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Topics: Agile, Consulting, New Practitioners
Looking for a Beginner's Guide to the Universe
Network:53



Is there a "dictionary" of sorts for those of us just getting into the profession? I have been keeping track of certain links and definitions, along with mentioned authors, from the webinars that I've watched. It's for my own reference but I was thinking that maybe someone has already done this? If not, I'd gladly write something up for future "newbies".

Thank you in advance for your input.
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Network:253



There is a glossary in the PMBoK. From my personal experience taking on projects in a variety of domains however, looking up terms and acronyms myself has been extremely valuable in whatever new gig I've landed.

The process itself of looking something up and writing it down is extremely useful because it's involving both visual learning, the mental processing to put it into your own words, and the kinesthetic process of writing it down. That's one reason taking notes can be very valuable. Even if you never read the notes, it improves memory.

While I would certainly not try to talk you out of building your own glossary, I would recommend people develop theirs just like you are suggesting doing yourself.
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https://www.pmi.org/pmbok-guide-standards/lexicon
But it is in the context of the PMO. Remember you have other ways to perform project management like IPMA, GPM, etc.
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I was really expecting some sort of Douglas Adams reference in this topic.
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1 reply by Stéphane Parent
Jun 12, 2019 1:11 PM
Stéphane Parent
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42
Network:1438



Jeffrey -

There are some books specifically aimed at newcomers to the profession such as The Olde Curmudgeon's Guide to PM.

These would be much more useful than just reading a glossary or lexicon.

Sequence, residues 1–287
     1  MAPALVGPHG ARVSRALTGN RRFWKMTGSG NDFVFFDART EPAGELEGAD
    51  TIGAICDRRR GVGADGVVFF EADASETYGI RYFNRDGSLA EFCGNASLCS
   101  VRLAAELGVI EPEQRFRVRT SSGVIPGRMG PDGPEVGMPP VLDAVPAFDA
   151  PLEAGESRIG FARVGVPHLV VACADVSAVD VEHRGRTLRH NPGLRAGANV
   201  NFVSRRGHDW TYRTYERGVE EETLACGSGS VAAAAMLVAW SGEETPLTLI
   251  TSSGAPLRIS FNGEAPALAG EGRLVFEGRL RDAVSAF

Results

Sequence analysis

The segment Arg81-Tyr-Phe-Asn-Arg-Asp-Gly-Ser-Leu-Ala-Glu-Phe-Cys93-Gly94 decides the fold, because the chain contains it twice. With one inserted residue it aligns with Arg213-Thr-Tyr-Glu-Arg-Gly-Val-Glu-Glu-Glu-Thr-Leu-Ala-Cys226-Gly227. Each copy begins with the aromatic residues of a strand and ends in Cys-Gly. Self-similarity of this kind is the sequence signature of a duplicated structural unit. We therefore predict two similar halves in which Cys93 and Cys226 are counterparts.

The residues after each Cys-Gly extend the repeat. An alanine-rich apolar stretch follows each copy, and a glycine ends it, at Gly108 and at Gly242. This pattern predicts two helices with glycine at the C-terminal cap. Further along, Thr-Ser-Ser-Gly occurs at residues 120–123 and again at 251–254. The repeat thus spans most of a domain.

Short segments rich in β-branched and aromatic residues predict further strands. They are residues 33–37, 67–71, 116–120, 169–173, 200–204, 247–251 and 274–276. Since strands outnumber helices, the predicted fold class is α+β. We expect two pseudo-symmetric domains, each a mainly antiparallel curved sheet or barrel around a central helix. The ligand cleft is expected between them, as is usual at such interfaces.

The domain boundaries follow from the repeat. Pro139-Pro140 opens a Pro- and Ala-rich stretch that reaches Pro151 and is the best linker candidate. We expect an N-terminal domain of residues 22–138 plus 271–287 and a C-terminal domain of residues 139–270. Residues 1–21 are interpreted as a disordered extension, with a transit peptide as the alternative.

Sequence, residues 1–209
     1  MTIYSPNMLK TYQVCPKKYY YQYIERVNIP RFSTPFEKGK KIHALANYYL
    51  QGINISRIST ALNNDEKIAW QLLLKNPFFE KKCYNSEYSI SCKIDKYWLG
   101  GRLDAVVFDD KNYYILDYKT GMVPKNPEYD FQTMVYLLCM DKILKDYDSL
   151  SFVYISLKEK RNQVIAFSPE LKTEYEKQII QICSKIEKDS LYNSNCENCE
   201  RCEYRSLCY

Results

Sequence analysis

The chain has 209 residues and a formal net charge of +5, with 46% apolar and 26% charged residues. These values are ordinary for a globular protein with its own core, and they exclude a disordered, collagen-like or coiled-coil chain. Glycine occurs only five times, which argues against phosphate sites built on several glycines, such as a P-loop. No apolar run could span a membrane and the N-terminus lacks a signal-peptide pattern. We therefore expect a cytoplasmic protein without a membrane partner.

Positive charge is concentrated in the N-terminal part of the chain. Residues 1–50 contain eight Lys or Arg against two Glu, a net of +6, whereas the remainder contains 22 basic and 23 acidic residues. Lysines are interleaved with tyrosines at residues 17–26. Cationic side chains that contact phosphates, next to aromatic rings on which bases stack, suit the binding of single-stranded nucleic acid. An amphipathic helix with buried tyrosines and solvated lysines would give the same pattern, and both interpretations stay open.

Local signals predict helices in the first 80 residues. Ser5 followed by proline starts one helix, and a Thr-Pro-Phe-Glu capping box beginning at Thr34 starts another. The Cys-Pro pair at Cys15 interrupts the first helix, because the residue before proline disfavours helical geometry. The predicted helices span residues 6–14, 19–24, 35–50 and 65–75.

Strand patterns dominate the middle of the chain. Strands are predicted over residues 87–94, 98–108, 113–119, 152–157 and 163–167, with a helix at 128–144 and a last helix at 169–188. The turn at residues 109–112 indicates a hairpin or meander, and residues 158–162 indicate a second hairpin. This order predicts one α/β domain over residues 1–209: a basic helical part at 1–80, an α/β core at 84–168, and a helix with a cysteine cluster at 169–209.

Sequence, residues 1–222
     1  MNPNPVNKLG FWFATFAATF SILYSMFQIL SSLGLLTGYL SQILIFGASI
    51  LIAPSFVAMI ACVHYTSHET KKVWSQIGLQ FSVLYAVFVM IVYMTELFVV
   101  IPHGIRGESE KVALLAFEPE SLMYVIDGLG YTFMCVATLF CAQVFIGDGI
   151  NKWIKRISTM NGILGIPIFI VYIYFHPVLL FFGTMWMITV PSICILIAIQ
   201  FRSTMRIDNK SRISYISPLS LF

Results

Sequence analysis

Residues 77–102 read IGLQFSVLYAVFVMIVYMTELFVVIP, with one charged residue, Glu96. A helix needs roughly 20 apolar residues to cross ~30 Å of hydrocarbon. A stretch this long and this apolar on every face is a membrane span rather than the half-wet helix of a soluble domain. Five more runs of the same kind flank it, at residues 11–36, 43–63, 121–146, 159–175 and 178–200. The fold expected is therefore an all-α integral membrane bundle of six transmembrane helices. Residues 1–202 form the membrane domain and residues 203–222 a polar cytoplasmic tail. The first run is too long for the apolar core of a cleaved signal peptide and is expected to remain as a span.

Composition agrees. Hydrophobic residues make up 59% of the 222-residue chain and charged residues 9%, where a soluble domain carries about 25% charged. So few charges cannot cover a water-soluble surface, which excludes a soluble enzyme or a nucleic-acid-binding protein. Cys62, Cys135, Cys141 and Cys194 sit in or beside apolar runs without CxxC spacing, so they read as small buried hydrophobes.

Kiron
Network:96221



Jun 12, 2019 8:13 AM
Replying to Wade Harshman
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I was really expecting some sort of Douglas Adams reference in this topic.
42
Network:985



Yes, there is great value in having common understandings. I believe that one of the great benefits of professionalization is that common understanding.

But, despite sanctioned glossaries from PMI and others, there is still considerable ambiguity.

Examples: scope has at least 2 official meanings (in PMI there is product scope and project scope) and probably more than that for unofficial meanings.

Ask any 5 people what governance means, and you'll get 5 different answers, each of them being variants of "here's what it means where I work."

And you'll find some incredibly mediocre understandings. Portfolio management, requirements, and strategic planning (in the PMI definitions) come to mind.
Network:210



The most recent version of the PMBOK Book version 6 which includes the Agile Practical Guide has an extensive list of most commonly used terms and acronyms that are part of the a Project Managers "Speak". It also includes a detailed description of each term and it relevance into PMBOK methodology.
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Did you try PM Edge? https://edge.pmi.org/

You can find the link Knowledge and tools Education.
Network:53



Thank you everyone. Your replies were helpful and I hope they will assist others in the future.
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Also, check this out. Not specifically what the ask was, but still good stuff....
https://www.pmi.org/pm-port
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